clock menu more-arrow no yes mobile

Filed under:

San Francisco Giants 2018 offseason review

MLB: San Francisco Giants-Workouts Rick Scuteri-USA TODAY Sports

PHOENIX — Now that position players have started to report around the Cactus League, it’s time to look at the National League West and what each team did in the offseason.

“You look at all those clubs in our division, they all got better,” Dodgers manager Dave Roberts said Sunday, channeling an inner Lou Holtz-before-Northwestern vibe.

First up on our trek around the division is the Giants, who tied for the worst record in baseball in 2017.


Andrew McCutchen (trade), Evan Longoria (trade), Austin Jackson (free agent), Tony Watson (free agent)


Matt Moore (trade), Denard Span (trade), Christian Arroyo (trade), Matt Cain (retired)


One of the ways the Dodgers have been successful the last few years is to avoid any black holes. Their tremendous depth has helped them in that regard, with capable players at the ready to step in when someone else goes down or isn’t performing. The flip side of that makes the Giants’ path to contention a little easier. When you are at the bottom, there is no place to go but up.

So as tempting as it might be to join the tiny segment of baseball fandom that is online and laugh that the Giants are trying to secure the 2013 World Series title with their offseason additions (Grant Brisbee took this to an interesting level, trying to figure out just how good this group would have been five years ago), the fact is that both Evan Longoria and Andrew McCutchen will help a great deal, even if both aren’t the stars they once were.

San Francisco third basemen in 2017 hit .216/.268/.300, last in baseball at the position in batting average, on-base percentage, slugging percentage, OPS, OPS+ (49), home runs (nine) and walks (42).

Evan Longoria, even in his worst offensive season last year, hit .261/.313/.424 with 20 home runs and 36 doubles, all while providing Gold Glove defense at third base. A warm body at the hot corner would have sufficed as a massive improvement for the Giants, but what they got has the potential for more.

Similarly, Giants outfielders as a whole hit .253/.311/.374, also last across the board in MLB in those categories, including OPS+ (79) and home runs (38). The eight players who accumulated the most time in the outfield for the Giants in 2017, the ones who accounted for 90% of the defensive innings, totaled -1.6 rWAR.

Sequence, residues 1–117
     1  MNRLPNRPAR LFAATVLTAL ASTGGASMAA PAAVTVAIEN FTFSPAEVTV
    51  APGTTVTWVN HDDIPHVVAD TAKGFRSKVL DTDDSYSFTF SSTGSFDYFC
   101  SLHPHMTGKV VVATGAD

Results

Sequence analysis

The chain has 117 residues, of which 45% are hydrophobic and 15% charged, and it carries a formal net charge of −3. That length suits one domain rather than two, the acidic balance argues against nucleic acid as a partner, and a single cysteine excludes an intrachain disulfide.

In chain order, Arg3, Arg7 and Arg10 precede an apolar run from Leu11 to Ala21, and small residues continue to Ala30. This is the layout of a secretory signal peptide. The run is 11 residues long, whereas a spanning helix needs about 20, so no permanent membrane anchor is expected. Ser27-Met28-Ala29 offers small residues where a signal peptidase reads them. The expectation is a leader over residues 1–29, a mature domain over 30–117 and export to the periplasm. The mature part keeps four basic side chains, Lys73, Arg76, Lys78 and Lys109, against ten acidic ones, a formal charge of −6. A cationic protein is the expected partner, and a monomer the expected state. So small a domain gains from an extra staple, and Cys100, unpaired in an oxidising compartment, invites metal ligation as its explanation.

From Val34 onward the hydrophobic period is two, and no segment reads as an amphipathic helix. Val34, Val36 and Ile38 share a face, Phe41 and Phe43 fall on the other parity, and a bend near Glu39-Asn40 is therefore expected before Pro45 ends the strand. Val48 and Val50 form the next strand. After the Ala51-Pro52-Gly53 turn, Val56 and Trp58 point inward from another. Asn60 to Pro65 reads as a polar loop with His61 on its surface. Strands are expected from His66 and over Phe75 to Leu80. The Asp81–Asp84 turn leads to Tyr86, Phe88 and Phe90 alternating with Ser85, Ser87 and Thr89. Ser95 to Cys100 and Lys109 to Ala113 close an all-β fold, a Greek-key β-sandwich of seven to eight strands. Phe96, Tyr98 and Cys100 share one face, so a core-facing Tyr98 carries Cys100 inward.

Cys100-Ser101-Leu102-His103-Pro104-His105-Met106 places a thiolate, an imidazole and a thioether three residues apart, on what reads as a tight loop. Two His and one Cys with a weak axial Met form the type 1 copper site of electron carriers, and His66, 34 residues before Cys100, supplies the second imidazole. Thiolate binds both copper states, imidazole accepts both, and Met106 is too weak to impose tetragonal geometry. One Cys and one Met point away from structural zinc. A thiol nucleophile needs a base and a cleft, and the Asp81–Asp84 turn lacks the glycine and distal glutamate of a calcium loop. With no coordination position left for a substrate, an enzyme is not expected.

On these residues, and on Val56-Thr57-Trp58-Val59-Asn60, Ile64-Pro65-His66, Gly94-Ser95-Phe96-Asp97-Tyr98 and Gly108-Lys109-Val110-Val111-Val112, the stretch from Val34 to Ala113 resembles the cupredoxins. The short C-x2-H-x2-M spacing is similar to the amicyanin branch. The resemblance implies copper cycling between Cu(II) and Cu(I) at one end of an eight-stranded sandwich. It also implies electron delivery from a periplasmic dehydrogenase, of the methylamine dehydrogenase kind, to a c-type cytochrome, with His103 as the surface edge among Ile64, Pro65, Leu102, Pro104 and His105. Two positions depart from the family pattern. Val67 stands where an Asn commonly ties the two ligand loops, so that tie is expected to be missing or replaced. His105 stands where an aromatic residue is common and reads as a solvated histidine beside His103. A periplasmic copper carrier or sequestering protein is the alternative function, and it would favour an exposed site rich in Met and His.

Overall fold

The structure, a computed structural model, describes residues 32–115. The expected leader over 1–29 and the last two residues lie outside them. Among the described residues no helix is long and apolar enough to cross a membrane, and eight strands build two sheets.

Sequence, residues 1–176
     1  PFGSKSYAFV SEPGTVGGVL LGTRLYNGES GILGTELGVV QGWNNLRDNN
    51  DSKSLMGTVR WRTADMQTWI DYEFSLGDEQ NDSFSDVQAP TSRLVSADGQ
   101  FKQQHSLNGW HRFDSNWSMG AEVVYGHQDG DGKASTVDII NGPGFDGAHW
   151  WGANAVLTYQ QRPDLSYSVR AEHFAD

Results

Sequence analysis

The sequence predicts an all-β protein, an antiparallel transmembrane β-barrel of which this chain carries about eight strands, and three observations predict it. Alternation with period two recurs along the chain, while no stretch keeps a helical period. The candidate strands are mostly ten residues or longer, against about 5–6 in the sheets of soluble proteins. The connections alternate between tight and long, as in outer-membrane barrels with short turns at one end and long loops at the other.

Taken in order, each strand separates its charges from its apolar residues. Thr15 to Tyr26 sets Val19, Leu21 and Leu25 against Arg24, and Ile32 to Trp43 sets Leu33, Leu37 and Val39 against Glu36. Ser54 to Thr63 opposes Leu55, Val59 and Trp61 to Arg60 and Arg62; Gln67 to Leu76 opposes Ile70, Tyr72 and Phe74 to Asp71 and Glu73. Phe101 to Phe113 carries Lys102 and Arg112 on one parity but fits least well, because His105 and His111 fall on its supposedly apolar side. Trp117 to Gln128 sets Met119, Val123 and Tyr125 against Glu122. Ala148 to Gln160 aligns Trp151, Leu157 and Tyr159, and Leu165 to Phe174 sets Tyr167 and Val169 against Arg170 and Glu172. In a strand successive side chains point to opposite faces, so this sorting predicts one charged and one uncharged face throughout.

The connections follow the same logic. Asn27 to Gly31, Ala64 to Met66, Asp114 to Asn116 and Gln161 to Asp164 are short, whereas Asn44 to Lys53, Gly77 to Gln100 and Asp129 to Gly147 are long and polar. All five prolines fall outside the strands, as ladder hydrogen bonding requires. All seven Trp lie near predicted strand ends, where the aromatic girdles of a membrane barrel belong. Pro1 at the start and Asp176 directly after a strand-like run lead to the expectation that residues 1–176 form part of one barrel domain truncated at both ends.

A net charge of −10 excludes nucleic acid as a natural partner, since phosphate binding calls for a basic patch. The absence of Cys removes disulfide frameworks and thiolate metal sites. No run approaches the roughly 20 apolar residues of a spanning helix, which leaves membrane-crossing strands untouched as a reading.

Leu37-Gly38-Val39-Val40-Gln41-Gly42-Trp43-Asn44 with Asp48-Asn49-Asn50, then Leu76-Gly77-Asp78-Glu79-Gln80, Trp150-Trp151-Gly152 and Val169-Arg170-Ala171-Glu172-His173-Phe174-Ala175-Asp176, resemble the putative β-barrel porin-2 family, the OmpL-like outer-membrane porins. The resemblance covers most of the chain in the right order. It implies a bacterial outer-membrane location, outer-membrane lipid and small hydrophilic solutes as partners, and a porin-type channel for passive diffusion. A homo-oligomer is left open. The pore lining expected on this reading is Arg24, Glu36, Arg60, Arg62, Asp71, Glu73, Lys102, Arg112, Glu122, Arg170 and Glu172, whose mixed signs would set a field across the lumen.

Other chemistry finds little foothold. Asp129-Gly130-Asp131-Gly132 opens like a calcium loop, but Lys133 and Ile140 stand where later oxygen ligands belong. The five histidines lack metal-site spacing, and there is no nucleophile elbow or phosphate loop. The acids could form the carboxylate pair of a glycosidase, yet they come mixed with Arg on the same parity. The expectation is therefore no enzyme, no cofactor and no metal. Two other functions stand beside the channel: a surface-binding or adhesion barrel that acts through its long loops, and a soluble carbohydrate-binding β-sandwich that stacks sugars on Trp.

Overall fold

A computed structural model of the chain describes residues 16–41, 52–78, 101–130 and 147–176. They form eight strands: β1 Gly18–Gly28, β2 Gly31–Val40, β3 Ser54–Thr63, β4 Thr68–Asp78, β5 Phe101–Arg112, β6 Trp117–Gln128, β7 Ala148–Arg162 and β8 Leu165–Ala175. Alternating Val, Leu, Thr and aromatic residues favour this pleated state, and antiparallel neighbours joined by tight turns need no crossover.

That’s essentially an entire outfield of sub-replacement level production. McCutchen will only play in one of those three spots, but he put up 2.5 WAR last year while playing mostly center field. Now he shifts to right field, where his defensive numbers should improve.

Coaching shake up

Bruce Bochy will be back for his 12th season at the helm of the Giants, and for his 24th season overall as a major league manager. But his coaching staff is quite different. Dave Righetti, the dean of MLB pitching coaches transitioned to a front office role after 18 years in uniform, with Curt Young taking over as pitching coach.

Old friend Matt Herges is now the bullpen coach in San Francisco after seven years coaching in the Dodgers’ system. Alonzo Powell and Rick Schu were brought in as hitting coaches, Jose Alguacil is the new first base coach, and Ron Wotus moved from bench coach to third base. Hensley Muelens switched roles from hitting coach to bench coach after an offseason that saw him nearly land the Yankees managerial job that went to Aaron Boone.

Schedule quirk

The Dodgers play 10 of their first 27 games against the Giants, including series in three of the first five weekends of the regular season. These two teams both start and end their season against each other, with the first four games of 2018 at Dodger Stadium and the final three games in September at AT&T Park.

Key numbers

74, 466, 4.19

The Giants will need their top three starting pitchers if they have designs on October. In 2017 nothing seemed to go right for Madison Bumgarner, Johnny Cueto and Jeff Samardzija, who combined for just 74 starts, 466 innings and a pedestrian 4.19 ERA last season.

In 2016 that trio put up a 3.09 ERA in 98 starts and 649⅔ innings, a season that not so coincidentally saw San Francisco make the postseason. But last year Cueto spent time on the disabled list dealing with blisters, forearm tightness and a flexor strain, and Bumgarner missed three months after a very on-brand dirt bike accident in Colorado. Those three need to be healthy and productive for the Giants to contend.

2020 vision

If you thought the Giants were old this year, just wait until 2020, with these players already under contract: 33-year-old Buster Posey ($21.4 million), 34-year-old Cueto ($21 million), 35-year-old Samardzija ($18 million), 32-year-old Brandon Belt ($16 million), 34-year-old Longoria ($15 million), 33-year-old Brandon Crawford ($15 million) and 35-year-old Mark Melancon ($14 million). That’s $120.4 million committed to seven players all on the wrong side of 30.

Projected wins

FanGraphs: 84
Baseball Prospectus: 84
Bovada (over/under): 81½


Look, the Giants were in a very bad spot after a disastrous season and a half (94-140, .402) after owning the best record in baseball at the 2016 All-Star break. They had to do something, and while it has some consequences down the road the short-term benefit might be enough.

I don’t think they were 98-loss bad, but for them to contend they need a lot of things to go right, especially for their main three starting pitchers and their closer to be healthy. The Giants are good enough to finish over .500 with this group (so I’d take the over on Bovada’s number), which puts them on the periphery of contention, but ultimately I think they will fall short of the playoffs.